Latest Articles (10+)
Our very first customer at Mergeflow was very good at beating "not invented here" syndrome. He was a very accomplished science entrepreneur. A physics PhD by training, his career spanned semiconductor research, leading a new business unit, and commercializing a whole range of technologies into successful spinoff companies. In this article I describe the hands-on methods he used to beat "not invented here" syndrome in his organization.
Monthly robotics news blog. Discover the latest innovations, products, research, tutorials, and security news for robotics.
Monthly robotics news blog. Discover the latest products, research, tutorials, and security news for robotics.
The article introduces the automated deposition methods for automated production focusing on the step-by-step process - Design of Tooling, Programming and Simulation of Automated Placement Processes, and Program Generation.
In this article, we look at two tinyML projects for education. We show how Backyard Brains uses low-cost experiment kits to make neuroscience education more accessible. We also introduce our readers to a specialisation offered by Harvard & Google to help students learn tinyML like never before.
Unmanned Aerial Vehicles, UAVs, are becoming more and more available as technology becomes cheaper. This is an article about Drones which work on the principle of Artificial Intelligence.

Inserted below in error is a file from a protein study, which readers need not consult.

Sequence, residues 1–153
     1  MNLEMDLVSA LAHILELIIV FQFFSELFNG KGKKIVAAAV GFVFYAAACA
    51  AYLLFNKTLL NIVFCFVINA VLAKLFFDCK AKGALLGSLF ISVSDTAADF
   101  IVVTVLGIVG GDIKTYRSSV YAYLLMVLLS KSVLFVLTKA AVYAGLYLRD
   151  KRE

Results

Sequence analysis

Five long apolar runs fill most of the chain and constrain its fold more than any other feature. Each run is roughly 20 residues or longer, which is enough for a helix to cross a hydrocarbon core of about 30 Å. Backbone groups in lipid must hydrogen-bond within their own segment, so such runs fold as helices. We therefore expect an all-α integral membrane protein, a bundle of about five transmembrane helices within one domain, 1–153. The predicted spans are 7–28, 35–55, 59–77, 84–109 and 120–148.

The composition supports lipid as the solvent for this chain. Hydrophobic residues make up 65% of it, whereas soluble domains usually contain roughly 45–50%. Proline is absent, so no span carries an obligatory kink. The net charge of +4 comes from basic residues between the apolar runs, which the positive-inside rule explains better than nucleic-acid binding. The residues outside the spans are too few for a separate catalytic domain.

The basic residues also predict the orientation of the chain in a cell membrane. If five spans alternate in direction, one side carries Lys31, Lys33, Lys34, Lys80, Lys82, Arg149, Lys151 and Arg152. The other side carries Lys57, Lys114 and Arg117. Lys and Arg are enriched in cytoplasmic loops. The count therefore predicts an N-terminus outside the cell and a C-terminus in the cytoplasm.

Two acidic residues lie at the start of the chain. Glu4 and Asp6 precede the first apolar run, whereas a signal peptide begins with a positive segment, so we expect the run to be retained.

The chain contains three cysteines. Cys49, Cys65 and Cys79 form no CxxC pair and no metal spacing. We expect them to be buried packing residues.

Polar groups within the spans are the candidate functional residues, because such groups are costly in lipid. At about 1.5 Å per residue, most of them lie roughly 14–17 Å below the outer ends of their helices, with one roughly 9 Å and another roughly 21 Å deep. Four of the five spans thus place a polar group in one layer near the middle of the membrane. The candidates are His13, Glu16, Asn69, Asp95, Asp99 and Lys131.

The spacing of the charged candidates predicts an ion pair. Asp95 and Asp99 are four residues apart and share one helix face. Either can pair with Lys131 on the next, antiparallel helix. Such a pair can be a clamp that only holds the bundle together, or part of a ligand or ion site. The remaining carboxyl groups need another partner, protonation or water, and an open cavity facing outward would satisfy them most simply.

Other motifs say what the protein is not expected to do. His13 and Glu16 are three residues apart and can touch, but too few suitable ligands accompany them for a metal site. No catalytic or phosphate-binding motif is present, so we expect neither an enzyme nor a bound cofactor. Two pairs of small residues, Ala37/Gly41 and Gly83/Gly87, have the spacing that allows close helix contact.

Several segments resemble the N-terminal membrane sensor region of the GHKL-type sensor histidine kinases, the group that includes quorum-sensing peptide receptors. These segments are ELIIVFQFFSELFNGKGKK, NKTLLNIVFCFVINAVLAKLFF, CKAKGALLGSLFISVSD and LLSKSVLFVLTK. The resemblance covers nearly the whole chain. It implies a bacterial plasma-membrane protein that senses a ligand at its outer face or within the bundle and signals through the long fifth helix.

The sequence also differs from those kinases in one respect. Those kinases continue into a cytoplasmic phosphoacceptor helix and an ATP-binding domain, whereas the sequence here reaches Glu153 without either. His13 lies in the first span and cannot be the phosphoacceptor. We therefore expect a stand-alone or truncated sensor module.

By incorporating a set of reusable constructs—or behaviours—that enable advanced functionality, Flow makes platform-agnostic application modelling, creation, distribution and maintenance easy.
The SOPHIA project is a European funded venture in collaboration with IIT-Istituto Italiano di Tecnologia in Italy.
This video shows the latest results in the whole-body locomotion control of the humanoid robot iCub
Invented by Ralph Hollis in 2004, this collective project by the Robotics Institute of Carnegie Mellon University is a 75 kilogram machine created to be tall, slender and person-sized with mechanical arms.
“The nexus between two revolutionary disciplines is inspiring us towards a future improved society”
Created by the Biorobotics Lab at Carnegie Mellon University, this robot has many internal degrees of freedom which make it possible for the robot to thread through tightly packed volumes, and narrow spaces.
Henrik Christensen shares his views on the impact of the robot revolution and stories from his life in European and US robotics research.